Food. It’s a way of sharing and community, a way of exploring a place, of trying new things and calling back well loved memories. Food can be a way of learning about identity, and, at times, exploring history, too.
All of that happens at the Sweet Home Cafe at the National Museum of African American History and Culture in Washington, DC. That sort of sharing, exploring, and learning is extended through the cookbook Sweet Home Cafe: A Celebration of African American Cooking.
This cookbook weaves histories of ingredients and people with recipes that may not always be what you expect. Like the dishes offered when you eat a meal in the cafe itself, though, chances are you will have ideas to discuss and things to learn, as well as tasty dishes to explore. If you’re thinking this might be all greens, grits, and gumbo, with maybe a bit of fatback thrown in — think again.
“Black cooking in America includes not only the culinary traditions of Africa and the Caribbean but also the influences of Native Americans, Europeans, Latinos, and and contemporary immigrants from Africa and other countries around the world,” writes Jacquelyn Serwer, Chief Curator of the museum, in her introduction “All of these mingled elements have combined,” she continues, “into a culinary heritage that is broad, deep, and continually evolving in surprising new ways.”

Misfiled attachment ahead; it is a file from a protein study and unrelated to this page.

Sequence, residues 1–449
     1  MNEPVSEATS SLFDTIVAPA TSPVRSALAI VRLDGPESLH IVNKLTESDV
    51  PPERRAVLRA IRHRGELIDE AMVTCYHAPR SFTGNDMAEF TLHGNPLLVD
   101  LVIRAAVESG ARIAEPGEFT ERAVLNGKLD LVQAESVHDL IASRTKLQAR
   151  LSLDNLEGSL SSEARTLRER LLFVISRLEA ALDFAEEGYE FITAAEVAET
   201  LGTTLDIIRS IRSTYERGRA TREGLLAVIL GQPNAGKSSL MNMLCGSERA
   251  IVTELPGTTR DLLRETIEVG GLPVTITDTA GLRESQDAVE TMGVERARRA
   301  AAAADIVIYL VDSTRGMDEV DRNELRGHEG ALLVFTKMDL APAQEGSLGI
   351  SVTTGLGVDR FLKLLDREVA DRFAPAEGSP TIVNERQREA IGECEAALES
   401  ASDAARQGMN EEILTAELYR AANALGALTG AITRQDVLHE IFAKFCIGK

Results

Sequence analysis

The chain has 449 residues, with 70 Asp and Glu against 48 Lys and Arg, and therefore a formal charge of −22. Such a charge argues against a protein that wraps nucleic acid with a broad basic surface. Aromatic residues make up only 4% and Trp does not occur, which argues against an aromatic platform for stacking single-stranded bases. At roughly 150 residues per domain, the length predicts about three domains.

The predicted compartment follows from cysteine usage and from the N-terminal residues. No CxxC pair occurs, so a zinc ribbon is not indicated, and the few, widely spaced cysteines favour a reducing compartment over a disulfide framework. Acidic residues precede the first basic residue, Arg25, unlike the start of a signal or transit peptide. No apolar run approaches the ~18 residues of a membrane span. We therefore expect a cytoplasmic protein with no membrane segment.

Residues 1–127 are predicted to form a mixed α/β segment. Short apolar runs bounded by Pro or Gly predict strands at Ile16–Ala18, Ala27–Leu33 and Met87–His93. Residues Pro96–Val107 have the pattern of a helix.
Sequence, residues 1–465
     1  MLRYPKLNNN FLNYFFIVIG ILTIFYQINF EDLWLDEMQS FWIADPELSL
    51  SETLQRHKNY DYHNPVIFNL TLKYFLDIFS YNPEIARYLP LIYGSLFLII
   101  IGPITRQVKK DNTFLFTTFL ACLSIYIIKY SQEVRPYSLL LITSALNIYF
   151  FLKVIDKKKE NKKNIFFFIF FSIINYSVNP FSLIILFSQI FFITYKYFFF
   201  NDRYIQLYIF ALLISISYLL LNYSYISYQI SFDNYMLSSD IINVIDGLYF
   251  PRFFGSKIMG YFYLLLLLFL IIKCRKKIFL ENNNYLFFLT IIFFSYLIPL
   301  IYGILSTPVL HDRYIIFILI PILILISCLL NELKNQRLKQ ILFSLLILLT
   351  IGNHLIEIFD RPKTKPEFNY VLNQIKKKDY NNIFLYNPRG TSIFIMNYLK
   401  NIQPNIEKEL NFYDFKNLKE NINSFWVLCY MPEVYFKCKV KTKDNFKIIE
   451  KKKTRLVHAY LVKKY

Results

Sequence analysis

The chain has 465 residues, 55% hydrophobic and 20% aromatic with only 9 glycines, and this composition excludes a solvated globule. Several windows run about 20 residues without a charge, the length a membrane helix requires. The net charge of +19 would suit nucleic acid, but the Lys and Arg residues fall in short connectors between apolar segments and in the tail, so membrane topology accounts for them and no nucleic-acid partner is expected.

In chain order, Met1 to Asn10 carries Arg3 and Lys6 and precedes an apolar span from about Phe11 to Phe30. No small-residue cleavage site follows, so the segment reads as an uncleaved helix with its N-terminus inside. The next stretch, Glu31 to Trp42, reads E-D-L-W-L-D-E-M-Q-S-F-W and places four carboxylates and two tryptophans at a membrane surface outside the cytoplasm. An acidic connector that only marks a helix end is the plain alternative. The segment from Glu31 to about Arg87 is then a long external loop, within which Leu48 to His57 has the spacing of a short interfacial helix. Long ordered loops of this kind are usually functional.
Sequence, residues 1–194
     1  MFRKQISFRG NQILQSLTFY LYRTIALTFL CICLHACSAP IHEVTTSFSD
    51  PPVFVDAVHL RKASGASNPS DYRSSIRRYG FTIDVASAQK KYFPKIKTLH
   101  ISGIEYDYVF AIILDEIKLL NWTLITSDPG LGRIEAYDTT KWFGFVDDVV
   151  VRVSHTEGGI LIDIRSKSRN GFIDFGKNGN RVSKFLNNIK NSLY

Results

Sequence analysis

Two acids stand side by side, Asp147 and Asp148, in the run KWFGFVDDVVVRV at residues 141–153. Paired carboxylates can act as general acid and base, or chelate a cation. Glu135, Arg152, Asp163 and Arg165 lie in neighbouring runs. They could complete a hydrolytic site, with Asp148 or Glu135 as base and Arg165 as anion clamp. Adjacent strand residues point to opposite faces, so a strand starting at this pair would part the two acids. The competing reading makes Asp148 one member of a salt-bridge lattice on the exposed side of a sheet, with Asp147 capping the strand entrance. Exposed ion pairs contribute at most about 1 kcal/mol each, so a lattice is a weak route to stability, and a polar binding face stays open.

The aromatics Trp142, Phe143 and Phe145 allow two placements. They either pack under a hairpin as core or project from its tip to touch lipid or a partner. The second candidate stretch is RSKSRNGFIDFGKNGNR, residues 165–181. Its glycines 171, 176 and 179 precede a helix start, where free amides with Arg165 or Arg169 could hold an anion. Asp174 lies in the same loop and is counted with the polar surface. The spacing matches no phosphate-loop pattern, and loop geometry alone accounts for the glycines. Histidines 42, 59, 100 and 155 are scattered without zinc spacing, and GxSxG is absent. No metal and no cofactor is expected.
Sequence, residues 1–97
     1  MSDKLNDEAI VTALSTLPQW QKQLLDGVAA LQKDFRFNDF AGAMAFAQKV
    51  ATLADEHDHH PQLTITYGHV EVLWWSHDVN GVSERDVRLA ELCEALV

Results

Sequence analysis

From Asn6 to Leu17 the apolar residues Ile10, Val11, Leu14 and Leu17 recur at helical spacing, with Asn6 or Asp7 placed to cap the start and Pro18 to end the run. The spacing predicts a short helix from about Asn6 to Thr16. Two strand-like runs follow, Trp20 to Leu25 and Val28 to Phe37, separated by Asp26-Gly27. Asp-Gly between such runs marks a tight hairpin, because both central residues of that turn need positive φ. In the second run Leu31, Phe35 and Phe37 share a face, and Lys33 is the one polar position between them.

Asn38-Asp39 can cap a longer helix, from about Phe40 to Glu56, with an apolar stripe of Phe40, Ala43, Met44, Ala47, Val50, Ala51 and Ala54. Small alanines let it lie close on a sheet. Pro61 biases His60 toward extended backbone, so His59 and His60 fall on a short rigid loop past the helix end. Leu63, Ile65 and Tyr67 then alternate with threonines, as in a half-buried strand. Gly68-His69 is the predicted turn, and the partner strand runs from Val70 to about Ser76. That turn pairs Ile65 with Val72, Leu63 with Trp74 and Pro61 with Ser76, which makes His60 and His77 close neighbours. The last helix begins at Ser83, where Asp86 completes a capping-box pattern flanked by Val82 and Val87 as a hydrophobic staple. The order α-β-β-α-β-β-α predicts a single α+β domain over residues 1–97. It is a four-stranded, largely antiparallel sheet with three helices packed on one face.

Across history, what you had to cook with and what you had to eat was influenced by what was available right around you. Through the chapters in the book, which are arranged by type of dish — salads, soups, and stews, mains, snacks, desserts, and drinks — the ideas of region, place, and history are sifted into the recipes. That makes sense, as the book is a collaborative project of Supervising Chef Albert Lukas, Executive Chef Jerome Grant, and award winning food historian Jessica B. Harris.
One of the most interesting ways to approach the book is to look at the section called Recipes by Region. The regions are Creole Coast, Agricultural South, Western Range, Northern States, and Culinary Cousins, along with one group called Continental United States and another pointing out Cafe Specials — although, of course, the regional items show up on the cafe’s seasonally changing menu, as well.
What might you find and learn how to make?
Fried Okra, Sweet Onion and Corn Hush Puppies with Red Pepper Remoulade, Bacon Wrapped Pan-Roasted Pork Chops, Buttermilk Tea Cakes, and Sweet Potato Pie are all part of the Agricultural South theme.
Along the Creole Coast, among the things you can learn about are Frogmore Stew (no frogs involved, though), Catfish Po’Boy, Carolina Gold Rice Pilaf, Grilled Snapper with Creole Sauce, and Pralines.
These recipes are mostly straightforward, presented on cleanly designed pages in an easy to follow format, with side notes that may suggest how to make a recipe vegetarian or what substitutions you could make, as well as, for some recipes. comments on its history or how it is used in the cafe.
Dishes that are associated with the Northern States include Codfish Cakes, Yankee Baked Beans, Joe Froggers (no frogs involved here, either — Joe Froggers are spicy molasses based cookies), and Turkey Grillades.